Premiere to Spoleto "Tucidide. Atene contro Melo" with text and direction by Alessandro Baricco

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Premiere to Spoleto "Tucidide. Atene contro Melo" with text and direction by Alessandro Baricco

Spoleto, June 27, 2023 - There is great anticipation for the debut of. Tucidide. Atene contro Melo, the new play with text and direction by Alessandro Baricco on stage at Piazza Duomo tomorrow Thursday, June 29, at at 21. Gabriele Vacis joins the cast as narrator alongside to Stefania Rocca and to Valeria Solarino, for the new production that also features on stage the 100 Cellos, the prodigious ensemble of one hundred cellists founded from Giovanni Sollima. One of the most relevant musicians on the contemporary scene, Sollima, a cellist and composer, is also the author of the original music as well as a performer. Musical direction is also provided by to Enrico Melozzi.

"For health reasons, I will not be able to be myself on stage," Alessandro Baricco made known. "I wished and asked to Gabriele Vacis to interpret it, it is a perfect text for him and this allows me to concentrate on directing. I will be to Spoleto to direct it and bring it to the stage."

The event recounted in the play happened during the Peloponnesian War, which for more than 30 years saw the Athenians and Spartans clash in a deadlocked conflict. The episode Baricco focuses on, and which he reflects on from several years now, is the one in which a delegation of Athenian ambassadors showed up on the island of Melos, until to that moment an ally of Athens, but guilty of wanting to slip out of the conflict and become neutral. The negotiations between the two sides are reported from Thucydides in an almost dramaturgical manner, making the reader relive all the tension of the ultimatum in the debate between Melii and Athenians before the siege and destruction of the island.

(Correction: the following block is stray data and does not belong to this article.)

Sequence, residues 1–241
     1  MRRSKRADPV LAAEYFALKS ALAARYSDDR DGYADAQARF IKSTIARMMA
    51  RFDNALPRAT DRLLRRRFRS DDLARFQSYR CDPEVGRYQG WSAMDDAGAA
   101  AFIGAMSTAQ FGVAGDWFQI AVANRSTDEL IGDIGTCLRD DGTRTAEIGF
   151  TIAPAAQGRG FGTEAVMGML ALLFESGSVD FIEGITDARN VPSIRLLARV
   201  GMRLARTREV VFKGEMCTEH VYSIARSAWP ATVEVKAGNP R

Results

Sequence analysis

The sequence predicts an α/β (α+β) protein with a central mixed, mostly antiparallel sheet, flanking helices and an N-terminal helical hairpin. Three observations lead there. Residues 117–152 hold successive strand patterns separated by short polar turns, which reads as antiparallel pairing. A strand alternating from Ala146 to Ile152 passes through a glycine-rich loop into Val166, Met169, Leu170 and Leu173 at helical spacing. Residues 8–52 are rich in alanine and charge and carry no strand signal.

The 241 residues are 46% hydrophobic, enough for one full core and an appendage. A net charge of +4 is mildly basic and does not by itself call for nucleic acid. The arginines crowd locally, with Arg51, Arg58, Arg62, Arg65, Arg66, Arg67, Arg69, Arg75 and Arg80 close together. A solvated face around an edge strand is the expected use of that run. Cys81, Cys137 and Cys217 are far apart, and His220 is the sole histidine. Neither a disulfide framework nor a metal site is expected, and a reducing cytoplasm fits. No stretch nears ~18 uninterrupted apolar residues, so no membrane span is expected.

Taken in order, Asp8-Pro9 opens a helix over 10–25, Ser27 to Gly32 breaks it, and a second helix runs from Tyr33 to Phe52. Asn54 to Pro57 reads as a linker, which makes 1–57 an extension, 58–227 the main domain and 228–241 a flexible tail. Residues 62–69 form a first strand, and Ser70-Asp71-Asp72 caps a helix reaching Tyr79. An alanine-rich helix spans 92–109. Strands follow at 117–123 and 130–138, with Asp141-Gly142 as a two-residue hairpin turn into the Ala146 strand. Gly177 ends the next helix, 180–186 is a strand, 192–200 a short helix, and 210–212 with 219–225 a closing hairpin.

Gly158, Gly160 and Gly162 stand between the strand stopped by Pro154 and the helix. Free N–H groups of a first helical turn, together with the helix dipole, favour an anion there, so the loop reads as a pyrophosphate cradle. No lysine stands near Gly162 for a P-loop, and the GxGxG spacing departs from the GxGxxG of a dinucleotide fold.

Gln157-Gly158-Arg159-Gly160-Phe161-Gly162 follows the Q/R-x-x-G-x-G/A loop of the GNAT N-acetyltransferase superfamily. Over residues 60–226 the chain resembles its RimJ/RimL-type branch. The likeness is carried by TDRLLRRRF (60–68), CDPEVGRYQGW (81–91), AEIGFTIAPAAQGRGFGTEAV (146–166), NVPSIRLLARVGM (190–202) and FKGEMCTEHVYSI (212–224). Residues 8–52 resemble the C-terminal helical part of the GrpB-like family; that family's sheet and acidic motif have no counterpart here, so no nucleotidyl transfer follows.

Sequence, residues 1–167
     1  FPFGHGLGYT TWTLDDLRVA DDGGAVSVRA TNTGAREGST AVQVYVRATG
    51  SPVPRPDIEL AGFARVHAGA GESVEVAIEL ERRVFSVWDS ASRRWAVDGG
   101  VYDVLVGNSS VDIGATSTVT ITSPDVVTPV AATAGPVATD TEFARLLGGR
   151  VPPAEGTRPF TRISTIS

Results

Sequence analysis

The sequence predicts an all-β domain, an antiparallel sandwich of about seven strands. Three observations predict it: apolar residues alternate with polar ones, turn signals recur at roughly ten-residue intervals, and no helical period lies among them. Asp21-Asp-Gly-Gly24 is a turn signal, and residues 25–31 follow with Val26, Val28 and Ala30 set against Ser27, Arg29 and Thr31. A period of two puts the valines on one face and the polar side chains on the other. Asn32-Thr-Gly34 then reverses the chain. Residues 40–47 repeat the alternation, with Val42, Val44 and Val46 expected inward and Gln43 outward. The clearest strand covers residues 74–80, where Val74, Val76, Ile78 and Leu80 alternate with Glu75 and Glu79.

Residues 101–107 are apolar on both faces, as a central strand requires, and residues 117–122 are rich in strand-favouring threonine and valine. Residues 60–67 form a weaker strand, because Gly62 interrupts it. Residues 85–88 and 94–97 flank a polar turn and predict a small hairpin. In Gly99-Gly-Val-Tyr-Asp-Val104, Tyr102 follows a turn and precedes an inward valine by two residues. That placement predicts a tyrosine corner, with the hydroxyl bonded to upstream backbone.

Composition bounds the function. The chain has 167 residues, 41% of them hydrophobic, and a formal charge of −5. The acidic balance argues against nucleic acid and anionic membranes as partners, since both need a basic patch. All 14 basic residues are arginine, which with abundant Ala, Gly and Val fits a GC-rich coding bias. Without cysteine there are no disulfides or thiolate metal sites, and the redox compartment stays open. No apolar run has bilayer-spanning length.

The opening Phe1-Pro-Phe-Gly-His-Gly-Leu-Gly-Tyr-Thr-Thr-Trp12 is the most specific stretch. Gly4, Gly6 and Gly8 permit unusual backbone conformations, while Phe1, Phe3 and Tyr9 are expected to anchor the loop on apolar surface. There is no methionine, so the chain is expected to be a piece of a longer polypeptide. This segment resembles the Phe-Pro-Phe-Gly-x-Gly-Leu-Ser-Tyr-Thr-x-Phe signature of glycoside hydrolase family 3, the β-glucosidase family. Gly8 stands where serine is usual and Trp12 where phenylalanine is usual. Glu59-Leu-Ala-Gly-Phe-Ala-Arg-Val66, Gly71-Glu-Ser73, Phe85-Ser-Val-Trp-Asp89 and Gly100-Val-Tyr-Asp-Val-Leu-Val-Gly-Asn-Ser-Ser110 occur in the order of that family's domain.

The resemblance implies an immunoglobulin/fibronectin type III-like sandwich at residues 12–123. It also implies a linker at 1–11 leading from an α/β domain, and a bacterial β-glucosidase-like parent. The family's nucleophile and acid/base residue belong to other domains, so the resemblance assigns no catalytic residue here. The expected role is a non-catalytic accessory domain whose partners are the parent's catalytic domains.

The choice between subjecting oneself to the rule of the stronger by giving up one's freedom or fighting while knowing one's freedom to be destroyed therefore becomes a reflection on Justice and Law, and today's audience cannot help but think to about what is happening in Europe, even though the play originated long before today's war began. In the words of the ambassadors of 416 to.C. there is a fundamental legacy in Western culture, and our minds are no different from than those of the men of that time in the exercise of politics and warfare facing to an aggressor and an aggressed, to a strong against a weak, to a victor and a vanquished.

If there is any hope, it lies in the last episode evoked from Baricco: the revolt of Mytilene against Athens. An affair that could have ended exactly like the first one, but that by a set of coordinates of fate, afterthoughts, wills, strong arms, desires and favorable winds, ended up succeeding completely differently. An invitation for us today to trust that it is always possible to course-correct.

As in the past, for this show Baricco has chosen to have to two actresses play the parts of Melii and Athenians: Valeria Solarino gives voice to Athens, just as in Palamedes in 2015 she had dressed the role of the Greek hero, while Stefania Rocca is the voice of Melo's ambassadors. With them on stage will be the Narrator, played by director Gabriele Vacis: both he and Stefania Rocca had already collaborated with Baricco in Totem in 1998.

The 100 Cellos were also instrumental in the birth of the show: 90 cellos will do both from soundtrack and from set design, they will be a kind of acoustic phalanx that will carry on the most dramatic moments of the show by staging battles, sieges, chases on the sea, life and death sentences. Giovanni Sollima, with whom Baricco has already collaborated on Iliad in 2004, will be on stage along with conductor Enrico Melozzi.

"Curiously enough," Baricco explains, "Thucydides recounts this meeting of ambassadors as if he had participated in it: he reports the exact words spoken by the ambassadors, and he reconstructs down to the last detail, and in a dramatically vivid way, the verbal clash between the two sides. Though he was a historian (indeed, the first of historians) he ended up in those pages writing about theater and beautiful theater. Therefore, bringing those pages to the stage seems almost a way of bringing them to to fruition, making them reach where they obscurely dreamed of going."